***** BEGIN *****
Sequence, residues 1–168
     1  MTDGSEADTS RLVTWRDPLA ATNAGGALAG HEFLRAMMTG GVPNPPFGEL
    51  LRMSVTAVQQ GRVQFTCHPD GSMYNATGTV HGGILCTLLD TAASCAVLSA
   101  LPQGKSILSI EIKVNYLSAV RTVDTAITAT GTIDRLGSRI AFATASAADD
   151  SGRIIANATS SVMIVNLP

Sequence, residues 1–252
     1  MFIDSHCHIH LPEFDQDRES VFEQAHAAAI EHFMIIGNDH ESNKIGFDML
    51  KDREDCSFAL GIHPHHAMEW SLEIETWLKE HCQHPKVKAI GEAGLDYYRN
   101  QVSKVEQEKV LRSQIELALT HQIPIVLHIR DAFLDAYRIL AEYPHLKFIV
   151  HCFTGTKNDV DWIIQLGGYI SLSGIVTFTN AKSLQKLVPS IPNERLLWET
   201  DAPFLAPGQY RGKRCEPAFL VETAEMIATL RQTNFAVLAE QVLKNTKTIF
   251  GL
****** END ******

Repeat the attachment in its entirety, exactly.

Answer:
Sequence, residues 1–168
     1  MTDGSEADTS RLVTWRDPLA ATNAGGALAG HEFLRAMMTG GVPNPPFGEL
    51  LRMSVTAVQQ GRVQFTCHPD GSMYNATGTV HGGILCTLLD TAASCAVLSA
   101  LPQGKSILSI EIKVNYLSAV RTVDTAITAT GTIDRLGSRI AFATASAADD
   151  SGRIIANATS SVMIVNLP

Sequence, residues 1–252
     1  MFIDSHCHIH LPEFDQDRES VFEQAHAAAI EHFMIIGNDH ESNKIGFDML
    51  KDREDCSFAL GIHPHHAMEW SLEIETWLKE HCQHPKVKAI GEAGLDYYRN
   101  QVSKVEQEKV LRSQIELALT HQIPIVLHIR DAFLDAYRIL AEYPHLKFIV
   151  HCFTGTKNDV DWIIQLGGYI SLSGIVTFTN AKSLQKLVPS IPNERLLWET
   201  DAPFLAPGQY RGKRCEPAFL VETAEMIATL RQTNFAVLAE QVLKNTKTIF
   251  GL